Humberto Carrasco hcarrascob at gmail.com
Thu Sep 10 12:31:23 UTC 2015

Dear Jacqueline,

To further clarify our position, we want to explain the nature of what 
is a point of order.

The UNGA Rules of Procedure, in particular, Article 79 of Annex IV (a) 
of the Rules of the General Assembly, gives a concept of what a point of 

79. The Special Committee recommends to the General Assembly the 
adoption of the following text as a description of the concept of a 
point of order [para. 229]:

*_"(a) A point of order is basically an intervention directed to the 
presiding officer, requesting him to make use of some power inherent in 
his office or specifically given him under the rules of procedure_*. It 
may, for example, relate to the manner in which the debate is conducted, 
to the maintenance of order, to the observance of the rules of procedure 
or to the way in which presiding officers exercise the powers conferred 
upon them by the rules. Under a point of order, a representative may 
request the presiding officer to apply a certain rule of procedure or he 
may question the way in which the officer applies the rule. Thus, within 
the scope of the rules of procedure, representatives are enabled to 
direct the attention of the presiding officer to violations or 
misapplications of the rules by other representatives or by the 
presiding officer himself. A point of order has precedence over any 
other matter, including procedural motions (rules 73 [114] [Rule 71 
[113] of the present rules of procedure] and 79 [120] [Rule 77 [119] of 
the present rules of procedure]).

"(b) Points of order raised under rule 73 [114]n involve questions 
necessitating a ruling by the presiding officer, subject to possible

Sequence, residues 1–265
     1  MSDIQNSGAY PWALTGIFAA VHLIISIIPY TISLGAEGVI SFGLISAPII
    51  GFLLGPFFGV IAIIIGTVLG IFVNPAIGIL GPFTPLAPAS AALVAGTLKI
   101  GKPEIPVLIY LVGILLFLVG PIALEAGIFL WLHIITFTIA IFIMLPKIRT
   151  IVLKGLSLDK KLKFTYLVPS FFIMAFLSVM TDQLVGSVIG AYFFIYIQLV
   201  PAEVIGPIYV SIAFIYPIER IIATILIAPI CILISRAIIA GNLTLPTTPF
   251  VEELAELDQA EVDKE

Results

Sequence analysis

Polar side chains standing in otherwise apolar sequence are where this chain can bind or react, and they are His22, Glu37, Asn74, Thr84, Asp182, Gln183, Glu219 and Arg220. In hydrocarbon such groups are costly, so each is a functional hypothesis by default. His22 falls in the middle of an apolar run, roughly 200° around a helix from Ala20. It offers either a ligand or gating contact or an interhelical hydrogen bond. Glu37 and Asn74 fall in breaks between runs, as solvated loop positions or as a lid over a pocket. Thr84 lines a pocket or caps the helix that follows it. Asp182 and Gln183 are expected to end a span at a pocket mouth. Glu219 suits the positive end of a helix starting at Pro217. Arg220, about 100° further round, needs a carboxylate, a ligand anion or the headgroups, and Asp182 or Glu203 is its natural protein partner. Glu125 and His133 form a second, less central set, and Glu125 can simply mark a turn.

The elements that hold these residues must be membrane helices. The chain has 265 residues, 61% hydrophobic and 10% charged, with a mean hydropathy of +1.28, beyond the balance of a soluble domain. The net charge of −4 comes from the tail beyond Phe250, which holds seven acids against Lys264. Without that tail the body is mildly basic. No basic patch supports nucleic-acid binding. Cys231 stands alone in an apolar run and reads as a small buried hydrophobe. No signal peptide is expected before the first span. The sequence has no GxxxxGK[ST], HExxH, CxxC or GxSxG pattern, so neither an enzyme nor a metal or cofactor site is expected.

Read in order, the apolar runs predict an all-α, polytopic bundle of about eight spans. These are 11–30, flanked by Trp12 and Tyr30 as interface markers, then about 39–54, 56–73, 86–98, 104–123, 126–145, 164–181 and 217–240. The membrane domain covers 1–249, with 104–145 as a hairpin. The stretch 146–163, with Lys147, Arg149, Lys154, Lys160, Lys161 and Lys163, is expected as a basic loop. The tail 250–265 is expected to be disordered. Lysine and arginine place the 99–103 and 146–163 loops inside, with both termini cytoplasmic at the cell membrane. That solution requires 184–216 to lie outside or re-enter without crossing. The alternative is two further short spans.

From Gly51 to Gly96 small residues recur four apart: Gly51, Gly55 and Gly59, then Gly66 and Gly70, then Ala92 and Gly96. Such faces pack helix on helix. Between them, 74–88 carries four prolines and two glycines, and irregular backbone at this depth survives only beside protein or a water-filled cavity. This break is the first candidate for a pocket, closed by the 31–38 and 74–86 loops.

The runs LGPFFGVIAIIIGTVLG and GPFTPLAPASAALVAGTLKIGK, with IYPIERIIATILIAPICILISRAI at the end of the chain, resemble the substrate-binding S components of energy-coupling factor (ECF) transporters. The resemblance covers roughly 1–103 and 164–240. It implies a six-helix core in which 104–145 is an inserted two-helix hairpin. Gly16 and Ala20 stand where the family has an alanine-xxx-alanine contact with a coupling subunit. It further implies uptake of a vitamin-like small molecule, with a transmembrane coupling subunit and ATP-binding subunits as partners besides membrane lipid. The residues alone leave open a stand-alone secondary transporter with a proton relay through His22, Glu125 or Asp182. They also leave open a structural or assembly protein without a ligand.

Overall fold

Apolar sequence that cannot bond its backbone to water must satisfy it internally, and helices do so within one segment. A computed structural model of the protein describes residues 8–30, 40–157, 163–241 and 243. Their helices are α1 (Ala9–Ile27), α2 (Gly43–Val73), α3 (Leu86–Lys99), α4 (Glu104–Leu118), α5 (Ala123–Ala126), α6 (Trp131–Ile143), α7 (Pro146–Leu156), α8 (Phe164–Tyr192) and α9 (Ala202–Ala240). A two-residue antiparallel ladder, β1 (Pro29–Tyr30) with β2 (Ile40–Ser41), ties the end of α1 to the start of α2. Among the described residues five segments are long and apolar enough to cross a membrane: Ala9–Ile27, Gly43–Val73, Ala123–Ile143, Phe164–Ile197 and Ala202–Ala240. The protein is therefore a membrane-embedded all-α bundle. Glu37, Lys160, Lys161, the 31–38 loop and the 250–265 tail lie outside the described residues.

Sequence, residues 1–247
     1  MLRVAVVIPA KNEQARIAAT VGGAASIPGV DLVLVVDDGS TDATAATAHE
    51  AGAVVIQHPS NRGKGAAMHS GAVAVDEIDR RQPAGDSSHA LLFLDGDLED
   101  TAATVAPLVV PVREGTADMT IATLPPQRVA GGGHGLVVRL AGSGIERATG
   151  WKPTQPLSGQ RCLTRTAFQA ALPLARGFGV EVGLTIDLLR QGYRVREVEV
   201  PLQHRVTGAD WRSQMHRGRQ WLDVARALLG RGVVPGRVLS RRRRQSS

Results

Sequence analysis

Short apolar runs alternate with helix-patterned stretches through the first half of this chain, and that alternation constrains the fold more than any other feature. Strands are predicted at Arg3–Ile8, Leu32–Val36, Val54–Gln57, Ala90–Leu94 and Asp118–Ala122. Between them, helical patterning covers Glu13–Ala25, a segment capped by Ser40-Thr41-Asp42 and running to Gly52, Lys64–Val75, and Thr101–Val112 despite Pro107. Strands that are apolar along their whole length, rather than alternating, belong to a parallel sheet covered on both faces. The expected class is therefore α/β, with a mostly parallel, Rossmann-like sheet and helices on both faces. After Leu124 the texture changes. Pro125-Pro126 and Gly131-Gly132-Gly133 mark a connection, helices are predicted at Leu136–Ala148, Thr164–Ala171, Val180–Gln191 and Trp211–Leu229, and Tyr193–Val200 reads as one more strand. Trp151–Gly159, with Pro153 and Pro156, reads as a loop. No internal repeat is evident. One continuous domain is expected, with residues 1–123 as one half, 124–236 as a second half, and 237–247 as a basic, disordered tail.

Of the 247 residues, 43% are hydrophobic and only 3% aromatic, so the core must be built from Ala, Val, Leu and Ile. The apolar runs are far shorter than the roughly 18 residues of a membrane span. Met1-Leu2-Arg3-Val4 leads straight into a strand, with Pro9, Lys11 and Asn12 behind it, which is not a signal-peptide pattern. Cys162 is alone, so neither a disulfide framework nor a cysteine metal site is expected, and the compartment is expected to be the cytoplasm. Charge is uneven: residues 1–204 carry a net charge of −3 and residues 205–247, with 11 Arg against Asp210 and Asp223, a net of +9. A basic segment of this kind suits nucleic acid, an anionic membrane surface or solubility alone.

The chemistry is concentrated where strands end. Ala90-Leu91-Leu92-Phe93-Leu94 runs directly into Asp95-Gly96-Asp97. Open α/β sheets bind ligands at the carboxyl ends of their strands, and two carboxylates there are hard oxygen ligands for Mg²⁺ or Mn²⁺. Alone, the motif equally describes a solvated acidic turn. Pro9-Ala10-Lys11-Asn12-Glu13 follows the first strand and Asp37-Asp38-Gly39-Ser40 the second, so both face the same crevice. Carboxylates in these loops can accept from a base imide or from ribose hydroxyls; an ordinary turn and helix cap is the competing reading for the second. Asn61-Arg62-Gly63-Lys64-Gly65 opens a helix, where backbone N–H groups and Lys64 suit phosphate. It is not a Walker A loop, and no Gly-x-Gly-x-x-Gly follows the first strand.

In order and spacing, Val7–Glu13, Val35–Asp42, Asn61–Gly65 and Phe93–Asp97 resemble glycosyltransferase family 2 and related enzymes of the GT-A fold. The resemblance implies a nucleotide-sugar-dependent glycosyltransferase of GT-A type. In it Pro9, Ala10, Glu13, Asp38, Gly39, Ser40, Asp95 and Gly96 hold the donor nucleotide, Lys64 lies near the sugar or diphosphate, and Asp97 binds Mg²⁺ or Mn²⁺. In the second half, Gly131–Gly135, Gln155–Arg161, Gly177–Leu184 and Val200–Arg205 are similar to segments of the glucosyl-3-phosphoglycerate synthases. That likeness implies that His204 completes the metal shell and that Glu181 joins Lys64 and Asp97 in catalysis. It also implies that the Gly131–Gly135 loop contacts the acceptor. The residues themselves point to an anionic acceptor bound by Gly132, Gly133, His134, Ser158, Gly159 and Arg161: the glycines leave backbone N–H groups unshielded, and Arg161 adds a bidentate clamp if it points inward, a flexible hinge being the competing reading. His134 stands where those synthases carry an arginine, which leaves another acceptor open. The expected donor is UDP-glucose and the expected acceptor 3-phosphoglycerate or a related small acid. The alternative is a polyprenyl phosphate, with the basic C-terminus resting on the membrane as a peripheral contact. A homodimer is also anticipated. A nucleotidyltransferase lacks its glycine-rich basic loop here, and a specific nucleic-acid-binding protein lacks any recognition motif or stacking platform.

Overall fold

appeal. *They are therefore distinct from the procedural motions 
provided for in rules 76*[117] [Rule 74 [116] of the present rules of 
procedure] to 79 [120]o which can be decided only by a vote and on which 
more than one motion may be entertained at the same time, rule 79 [120]o 
laying down the precedence of such motions. *_They are also distinct 
from requests for information or clarification, or from remarks relating 
to material arrangements (seating, interpretation system, temperature of 
the room), documents, translations, etc., which - while they may have to 
be dealt with by the presiding officer - do not require rulings from 
him. However, in established United Nations practice, a representative 
intending to submit a procedural motion or to seek information or 
clarification often rises to 'a point of order' as a means of obtaining 
the floor. The latter usage, which is based on practical grounds, should 
not be confused with the raising of points of order under rule 73 [114]_*.

If Mr. Samuels' request is reviewed, it can be observed that the request 
it is not directed to the President ‘/requesting him to make use of some 
power inherent in his office or specifically given him under the rules 
of procedure/', but he requests ‘/That the general assembly demonstrate 
its lack of confidence in the LACRALO leadership and vote on this motion/’.

In simple terms, what Mr. Samuels says is a point of order, it's really 
not. It is therefore not possible to give such treatment.


El 10/09/2015 a las 13:15, Jacqueline Morris escribió:
> Hi
> I don't think you understood my question. A motion was raised on a 
> Point of Order. The rules that you just quoted say that this needs to 
> be dealt with immediately, I think this means that we have to (if we 
> were in a physical meeting, we would stop, discuss, get a ruling, 
> appeal, vote ..  Before continuing on what we were doing - the 
> original vote) focus on this, because if the motion on the Point of 
> Order passes, the process that we are in will be judged illegitimate 
> and will have to end.
> So I really think that we, in order to be correct, need to deal with 
> Carlton's motion before the election process ends. If translation etc 
> are making it take too long, then yes, we need to suspend or extend. I 
> don't think a suspension needs to be requested per we, but in order 
> for things to run properly, in official order, this may have to happen.

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